£80,000-£120,000 VALUE (EST.)
$140,000-$210,000 VALUE (EST.)
$130,000-$200,000 VALUE (EST.)
¥670,000-¥1,010,000 VALUE (EST.)
€90,000-€140,000 VALUE (EST.)
$780,000-$1,160,000 VALUE (EST.)
¥12,830,000-¥19,250,000 VALUE (EST.)
$100,000-$150,000 VALUE (EST.)
This estimate blends recent public auction records with our own private sale data and network demand.
Signed Print Edition of 40
H 79cm x W 63cm
Own this artwork?
Jasper Tordoff, Acquisition Coordinator
|Auction Date||Auction House||Artwork|
Return to Seller
|Sotheby's London - United Kingdom||Kai - Signed Print|
|September 2019||Sotheby's London - United Kingdom||Kai - Signed Print|
|September 2017||Christie's New York - United States||Kai - Signed Print|
|October 2016||Sotheby's New York - United States||Kai - Signed Print|
|October 2015||Phillips London - United Kingdom||Kai - Signed Print|
|September 2012||Sotheby's London - United Kingdom||Kai - Signed Print|
Lucian Freud created this dramatic portrait of his "stepson", Kai Boyt, in 1991. This etched portrait of Kai is one of the most visually striking from our Family collection of Freud's work. Captured from a frontal viewpoint, Kai's head and shoulders appear at the centre of the composition, which is lit from above to give a powerful tonality to the overall portrait. Famed for his mastery over the etching medium, Kai reveals Freud's unique ability to convey the textures of flesh, and delineate the strong features of his face through bold marks on the etching plate.
Intensely dedicated to his craft, Freud was a somewhat distant father to his 14 acknowledged children. However, when his offspring gave him the chance to draw, paint, or etch their portrait, he built close and intense relationships with them during their lengthy sittings. Kai Boyt, son of fellow artist Suzy Boyt and half-brother to Isobel ("Ib") Boyt, is not Freud's biological son, but the artist always referred to him as his "stepson". Though Kai seems unable to look the viewer - or Freud - directly in the eye, this portrait is executed with such minute attention to detail that it reveals Freud's close observation of every part of his being. With minimal mark-making on his eyelids and eyelashes, Freud shows where the light hits his face, casting natural shadows down his cheeks. Freud painted Kai as a child, and created a series of paintings and etchings of him as a man, speaking to Freud's familiarity with his portrait and the uniquely close relationship between the two.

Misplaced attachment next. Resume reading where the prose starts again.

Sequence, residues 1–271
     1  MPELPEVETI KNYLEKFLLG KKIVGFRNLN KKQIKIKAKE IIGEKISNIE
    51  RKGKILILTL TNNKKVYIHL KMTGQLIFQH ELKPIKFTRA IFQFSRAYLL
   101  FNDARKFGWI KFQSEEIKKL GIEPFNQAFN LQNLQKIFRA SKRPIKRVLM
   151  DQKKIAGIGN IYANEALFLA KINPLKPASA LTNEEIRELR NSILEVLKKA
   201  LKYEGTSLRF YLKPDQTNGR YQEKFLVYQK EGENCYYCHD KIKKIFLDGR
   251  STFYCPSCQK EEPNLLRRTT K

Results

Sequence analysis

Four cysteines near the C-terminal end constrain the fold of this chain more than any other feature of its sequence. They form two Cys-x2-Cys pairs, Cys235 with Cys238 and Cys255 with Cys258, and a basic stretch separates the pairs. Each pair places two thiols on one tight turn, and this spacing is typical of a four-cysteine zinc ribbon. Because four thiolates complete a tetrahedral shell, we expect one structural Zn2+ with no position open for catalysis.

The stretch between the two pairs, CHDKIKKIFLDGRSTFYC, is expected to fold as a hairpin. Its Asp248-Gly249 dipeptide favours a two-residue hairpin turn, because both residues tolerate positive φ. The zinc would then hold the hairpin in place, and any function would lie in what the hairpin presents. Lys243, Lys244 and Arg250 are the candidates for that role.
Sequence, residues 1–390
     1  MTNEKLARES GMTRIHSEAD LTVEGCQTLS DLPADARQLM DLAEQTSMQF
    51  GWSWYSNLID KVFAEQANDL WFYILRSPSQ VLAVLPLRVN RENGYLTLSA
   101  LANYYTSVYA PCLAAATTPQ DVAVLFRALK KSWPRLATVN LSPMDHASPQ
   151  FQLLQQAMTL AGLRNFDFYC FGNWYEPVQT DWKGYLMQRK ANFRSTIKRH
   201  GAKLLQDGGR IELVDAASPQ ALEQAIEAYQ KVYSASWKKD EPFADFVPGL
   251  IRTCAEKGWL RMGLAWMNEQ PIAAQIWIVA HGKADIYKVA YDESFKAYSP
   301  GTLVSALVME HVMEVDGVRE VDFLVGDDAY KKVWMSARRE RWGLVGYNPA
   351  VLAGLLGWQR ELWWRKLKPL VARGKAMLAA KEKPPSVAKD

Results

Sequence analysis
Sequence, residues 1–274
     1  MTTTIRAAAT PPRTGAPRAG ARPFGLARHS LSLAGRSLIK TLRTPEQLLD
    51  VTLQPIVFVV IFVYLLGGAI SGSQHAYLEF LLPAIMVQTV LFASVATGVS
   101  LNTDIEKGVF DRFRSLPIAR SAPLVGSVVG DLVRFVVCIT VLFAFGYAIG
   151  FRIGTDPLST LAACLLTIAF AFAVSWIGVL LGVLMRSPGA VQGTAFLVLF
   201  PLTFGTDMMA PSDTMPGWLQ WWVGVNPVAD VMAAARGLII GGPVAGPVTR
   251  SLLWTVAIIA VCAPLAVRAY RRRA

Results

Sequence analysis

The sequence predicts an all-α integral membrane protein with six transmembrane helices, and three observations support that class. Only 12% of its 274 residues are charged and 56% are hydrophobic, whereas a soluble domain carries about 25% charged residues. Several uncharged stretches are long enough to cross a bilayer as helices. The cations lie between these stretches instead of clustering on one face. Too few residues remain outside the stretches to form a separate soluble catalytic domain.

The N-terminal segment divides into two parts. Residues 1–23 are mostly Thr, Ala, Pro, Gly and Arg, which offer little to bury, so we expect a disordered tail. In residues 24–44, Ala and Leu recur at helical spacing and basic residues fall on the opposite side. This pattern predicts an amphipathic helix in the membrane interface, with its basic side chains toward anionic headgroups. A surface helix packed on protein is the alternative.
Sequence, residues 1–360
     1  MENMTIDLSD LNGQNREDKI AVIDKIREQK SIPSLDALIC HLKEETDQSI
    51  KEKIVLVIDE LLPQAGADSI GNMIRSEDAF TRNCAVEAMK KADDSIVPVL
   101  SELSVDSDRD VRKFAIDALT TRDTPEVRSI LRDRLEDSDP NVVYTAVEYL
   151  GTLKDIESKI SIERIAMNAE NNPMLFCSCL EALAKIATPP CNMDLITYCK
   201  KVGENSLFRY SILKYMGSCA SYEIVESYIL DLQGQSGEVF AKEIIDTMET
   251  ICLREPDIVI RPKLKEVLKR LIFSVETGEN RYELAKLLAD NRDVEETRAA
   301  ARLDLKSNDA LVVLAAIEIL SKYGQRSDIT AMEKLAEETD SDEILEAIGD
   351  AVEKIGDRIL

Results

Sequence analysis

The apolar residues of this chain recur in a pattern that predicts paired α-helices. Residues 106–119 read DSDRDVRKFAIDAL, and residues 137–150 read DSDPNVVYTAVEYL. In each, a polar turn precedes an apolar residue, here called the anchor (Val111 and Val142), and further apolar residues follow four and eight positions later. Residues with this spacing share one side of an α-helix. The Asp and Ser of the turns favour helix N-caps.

Freud would sometimes subject his sitters to months, if not years, modelling in the studio. This is not to say that Freud was a slow-worker, but that he felt it essential to meticulously observe his sitters to truly ascertain their character and translate it in his portraiture. Kai is testament to the success of this process: this is not only a portrait of a family member, but a psychologically penetrative study of someone he seemed to truly know and understand.